Encyclopedic Entry

The skies over this barn are on the front line.

Photograph by Tina Magas, MyShot

Fronts on Weather Maps
On weather maps, cold fronts are illustrated by blue lines with sharp "teeth" pointing in the direction of the wind. Warm fronts are illustrated by red lines with rounded bumps pointing in the direction of the wind.

A front is a weather system that is the boundary separating two different types of air. One type of air is usually denser than the other, with different temperatures and different levels of humidity. This clashing of air types causes weather: rain, snow, cold days, hot days, and windy days.

Two major types of fronts are cold fronts and warm fronts.

Cold fronts often come with thunderstorms or other types of extreme weather. They usually move from west to east. Cold fronts move faster than warm fronts because cold air is denser, meaning there are more molecules of material in cold air than in warm air.

Strong, powerful cold fronts often take over warm air that might be nearly motionless in the atmosphere. Cold, dense air squeezes its way through the warmer, less-dense air, and lifts the warm air. Because air is lifted instead of being pressed down, the movement of a cold front through a warm front is usually called a low-pressure system. Low-pressure systems often cause severe rainfall or thunderstorms.

Warm fronts usually show up on the tail end of precipitation and fog. As they overtake cold air masses, warm fronts move slowly, usually from north to south. Because warm fronts aren't as dense or powerful as cold fronts, they bring more moderate and long-lasting weather patterns. Warm fronts are often associated with high-pressure systems, where warm air is pressed close to the ground. High-pressure systems usually indicate calm, clear weather.

Vocabulary

Term Part of Speech Definition Encyclopedic Entry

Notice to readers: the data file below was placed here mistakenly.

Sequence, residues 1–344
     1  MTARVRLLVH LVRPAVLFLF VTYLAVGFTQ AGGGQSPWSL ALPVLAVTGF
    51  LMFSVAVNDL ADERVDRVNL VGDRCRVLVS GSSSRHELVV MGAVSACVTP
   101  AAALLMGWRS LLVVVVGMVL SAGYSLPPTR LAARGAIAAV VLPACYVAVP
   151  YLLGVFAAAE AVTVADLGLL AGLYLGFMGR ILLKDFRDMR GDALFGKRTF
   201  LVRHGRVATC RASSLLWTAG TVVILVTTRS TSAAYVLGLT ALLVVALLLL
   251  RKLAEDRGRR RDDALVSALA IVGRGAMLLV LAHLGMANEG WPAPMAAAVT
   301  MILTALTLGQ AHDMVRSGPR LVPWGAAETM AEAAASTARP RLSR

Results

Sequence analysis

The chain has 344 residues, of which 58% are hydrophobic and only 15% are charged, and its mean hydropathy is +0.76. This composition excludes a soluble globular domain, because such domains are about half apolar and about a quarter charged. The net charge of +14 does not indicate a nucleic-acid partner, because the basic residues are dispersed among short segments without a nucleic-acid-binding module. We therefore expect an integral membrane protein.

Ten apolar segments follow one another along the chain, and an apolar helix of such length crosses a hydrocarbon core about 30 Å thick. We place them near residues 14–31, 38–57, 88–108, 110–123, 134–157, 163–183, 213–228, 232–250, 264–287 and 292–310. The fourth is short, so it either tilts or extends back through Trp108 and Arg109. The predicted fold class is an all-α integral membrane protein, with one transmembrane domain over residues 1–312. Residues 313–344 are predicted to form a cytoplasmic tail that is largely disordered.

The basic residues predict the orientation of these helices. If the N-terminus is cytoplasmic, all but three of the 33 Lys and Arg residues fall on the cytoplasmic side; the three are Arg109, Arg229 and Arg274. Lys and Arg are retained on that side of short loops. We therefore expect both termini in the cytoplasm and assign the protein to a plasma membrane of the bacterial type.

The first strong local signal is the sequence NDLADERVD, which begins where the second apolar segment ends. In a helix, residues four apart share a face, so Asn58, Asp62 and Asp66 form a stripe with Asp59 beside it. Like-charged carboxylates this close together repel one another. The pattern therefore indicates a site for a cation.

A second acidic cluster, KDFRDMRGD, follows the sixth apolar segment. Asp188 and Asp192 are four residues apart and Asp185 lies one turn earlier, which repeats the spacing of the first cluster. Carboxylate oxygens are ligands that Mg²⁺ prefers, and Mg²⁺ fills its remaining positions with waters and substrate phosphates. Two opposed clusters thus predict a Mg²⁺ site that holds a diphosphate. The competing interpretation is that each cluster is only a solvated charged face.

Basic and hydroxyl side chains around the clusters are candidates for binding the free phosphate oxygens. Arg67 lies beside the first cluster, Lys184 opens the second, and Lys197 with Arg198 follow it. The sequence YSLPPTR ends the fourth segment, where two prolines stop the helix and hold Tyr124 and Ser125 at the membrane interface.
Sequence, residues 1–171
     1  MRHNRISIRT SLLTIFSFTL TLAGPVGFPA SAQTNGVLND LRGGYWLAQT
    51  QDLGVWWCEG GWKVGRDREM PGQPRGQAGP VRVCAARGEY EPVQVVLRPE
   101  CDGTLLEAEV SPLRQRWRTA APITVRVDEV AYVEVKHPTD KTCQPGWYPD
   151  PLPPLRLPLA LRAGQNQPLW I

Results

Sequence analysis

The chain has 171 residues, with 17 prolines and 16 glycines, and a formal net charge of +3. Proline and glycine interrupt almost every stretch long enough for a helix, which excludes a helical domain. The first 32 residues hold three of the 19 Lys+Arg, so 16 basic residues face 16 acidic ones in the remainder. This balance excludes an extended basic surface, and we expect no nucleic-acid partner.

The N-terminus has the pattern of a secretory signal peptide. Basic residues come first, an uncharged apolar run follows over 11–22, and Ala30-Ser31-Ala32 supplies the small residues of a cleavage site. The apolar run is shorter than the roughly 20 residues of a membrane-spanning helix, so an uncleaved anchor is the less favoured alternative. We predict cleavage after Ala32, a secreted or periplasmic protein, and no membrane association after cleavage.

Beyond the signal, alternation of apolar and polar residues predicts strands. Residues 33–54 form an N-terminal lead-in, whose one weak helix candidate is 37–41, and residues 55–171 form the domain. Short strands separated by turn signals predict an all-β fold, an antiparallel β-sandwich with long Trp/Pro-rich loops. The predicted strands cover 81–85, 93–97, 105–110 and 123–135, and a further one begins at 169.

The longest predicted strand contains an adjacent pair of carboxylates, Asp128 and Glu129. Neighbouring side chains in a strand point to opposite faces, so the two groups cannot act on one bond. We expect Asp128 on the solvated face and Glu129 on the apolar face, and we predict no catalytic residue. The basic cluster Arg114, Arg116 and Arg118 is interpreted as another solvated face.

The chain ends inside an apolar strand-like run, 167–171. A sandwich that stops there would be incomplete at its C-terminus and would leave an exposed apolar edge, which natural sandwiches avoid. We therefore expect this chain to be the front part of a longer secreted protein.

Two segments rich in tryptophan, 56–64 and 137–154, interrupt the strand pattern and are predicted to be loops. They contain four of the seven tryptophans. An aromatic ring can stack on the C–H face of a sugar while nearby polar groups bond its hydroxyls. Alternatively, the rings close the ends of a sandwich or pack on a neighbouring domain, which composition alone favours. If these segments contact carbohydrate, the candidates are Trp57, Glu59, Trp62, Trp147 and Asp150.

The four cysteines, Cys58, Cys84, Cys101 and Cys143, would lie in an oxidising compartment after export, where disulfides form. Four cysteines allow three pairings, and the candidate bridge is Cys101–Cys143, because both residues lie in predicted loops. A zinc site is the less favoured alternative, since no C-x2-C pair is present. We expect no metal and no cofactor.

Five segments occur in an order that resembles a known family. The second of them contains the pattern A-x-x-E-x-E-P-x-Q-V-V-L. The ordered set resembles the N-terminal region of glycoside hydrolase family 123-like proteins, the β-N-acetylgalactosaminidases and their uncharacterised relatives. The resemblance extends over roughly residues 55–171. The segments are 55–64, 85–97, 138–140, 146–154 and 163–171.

air mass

Noun

a large volume of air that is mostly consistent, horizontally, in temperature and humidity.

Encyclopedic Entry: air mass

atmosphere

Noun

layers of gases surrounding a planet or other celestial body.

Encyclopedic Entry: atmosphere

boundary

Noun

line separating geographical areas.

Encyclopedic Entry: boundary

cold front

Noun

interaction between two air masses, where the cool, dense mass is replacing the warm one.

dense

Adjective

having parts or molecules that are packed closely together.

fog

Noun

clouds at ground level.

Encyclopedic Entry: fog

front

Noun

boundary between air masses of different temperatures and humidities.

Encyclopedic Entry: front

high-pressure system

Noun

weather pattern characterized by high air pressure, usually as a result of cooling. High-pressure systems are usually associated with clear weather.

humidity

Noun

amount of water vapor in the air.

Encyclopedic Entry: humidity

indicate

Verb

to display or show.

low-pressure system

Noun

weather pattern characterized by low air pressure, usually as a result of warming. Low-pressure systems are often associated with storms.

molecule

Noun

smallest physical unit of a substance, consisting of two or more atoms linked together.

precipitation

Noun

all forms in which water falls to Earth from the atmosphere.

Encyclopedic Entry: precipitation

rain

Noun

liquid precipitation.

Encyclopedic Entry: rain

rainfall

Noun

amount of precipitation that falls in a specific area during a specific time.

severe

Adjective

harsh.

snow

Noun

precipitation made of ice crystals.

temperature

Noun

degree of hotness or coldness measured by a thermometer with a numerical scale.

Encyclopedic Entry: temperature

thunderstorm

Noun

cloud that produces thunder and lightning, often accompanied by heavy rains.

warm front

Noun

mass of warm air that replaces a mass of cold air.

weather

Noun

state of the atmosphere, including temperature, atmospheric pressure, wind, humidity, precipitation, and cloudiness.

Encyclopedic Entry: weather

weather system

Noun

movement of warm or cold air.

Credits

Media Credits

The audio, illustrations, photos, and videos are credited beneath the media asset, except for promotional images, which generally link to another page that contains the media credit. The Rights Holder for media is the person or group credited.

Writer

Kim Rutledge
Melissa McDaniel
Diane Boudreau
Tara Ramroop
Santani Teng
Erin Sprout
Hilary Costa
Hilary Hall
Jeff Hunt

Illustrator

Tim Gunther
Mary Crooks, National Geographic Society

Editor

Kara West
Jeannie Evers

Educator Reviewer

Nancy Wynne

Producer

Caryl-Sue, National Geographic Society

Sources

Dunn, Margery G. (Editor). (1989, 1993). "Exploring Your World: The Adventure of Geography." Washington, D.C.: National Geographic Society.

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